Harrisburg telegraph. (Harrisburg, Pa.) 1879-1948, November 17, 1919, Page 2, Image 2

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Happenings of a Day in Central Pennsylvania
Burgess Dietz Will Urge
Council to Employ a
Lemoyne, Pa., Nov. 17. —Declar-
ing this borough Is open to unli
■ censed salesmen and that rowdyism
1 Is reigning supreme because of the
: lack of police protection. Burgess
I Dr. Walter L<. Dietz to-day said he
will go before the new council to
urge the employment of an officer
to patrol the borough.
, The burgess said many complaints
■ had been made during the past year
; from residents who said they havo
been "short measured" by hucksters
and salesmen and that their win
dows were broken by children
throwing stones. There were re
ports of other misconduct.
S Burgess Dietz said: "The chil
dren of tho borough carry on this
* rowdyism continually without being
molested. I have been having many
complaints from residents who say
' that children coming home from
school throw stones at each other
and sometimes residents complain of
window panes broken by children.
Furthermore, motorists take advan
tage of the lax laws here and use
' the main thoroughfares as a speed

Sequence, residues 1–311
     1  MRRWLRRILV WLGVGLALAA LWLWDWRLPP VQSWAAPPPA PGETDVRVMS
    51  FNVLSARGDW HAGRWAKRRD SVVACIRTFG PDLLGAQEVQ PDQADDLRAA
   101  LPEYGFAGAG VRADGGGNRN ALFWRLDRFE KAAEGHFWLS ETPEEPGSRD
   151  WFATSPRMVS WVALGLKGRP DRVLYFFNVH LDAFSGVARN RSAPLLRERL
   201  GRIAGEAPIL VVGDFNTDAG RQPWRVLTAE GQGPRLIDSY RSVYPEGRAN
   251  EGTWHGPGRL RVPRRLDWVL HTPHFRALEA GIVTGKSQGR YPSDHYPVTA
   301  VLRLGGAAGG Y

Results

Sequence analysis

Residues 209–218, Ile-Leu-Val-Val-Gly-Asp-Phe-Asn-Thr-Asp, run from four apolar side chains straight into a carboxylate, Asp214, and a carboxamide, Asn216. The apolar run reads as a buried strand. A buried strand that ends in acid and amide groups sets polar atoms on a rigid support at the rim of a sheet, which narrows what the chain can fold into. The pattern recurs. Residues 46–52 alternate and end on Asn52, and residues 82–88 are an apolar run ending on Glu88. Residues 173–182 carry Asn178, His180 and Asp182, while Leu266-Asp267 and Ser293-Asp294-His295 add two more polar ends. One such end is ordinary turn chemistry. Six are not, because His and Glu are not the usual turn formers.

j way, caring little whether they
* drive on the right or left side of
i the street. Complaints come to me
occasonally about boys using the
pavements for bicycles, endangering
■ pedestrians. The air rifle is causing
' quiet a little trouble also. Many
housewives are compaining about
f being short measured from wagons
1 on the street, many of these sales
men are going about town without
licenses, but I am helpless to put
an end to it because I have no one
to look up these conditions.
"X went before council when as
suming my duties as burgess, but
they said that with these conditions
growing worse daily the demand is
greater and should be met in some
way by the council. I feel that if
a policeman would be employed to
patrol the streets of the borough
between the hours of 4 and 11 p. m.
we could assure residents proper pro
tection. Some businesi men are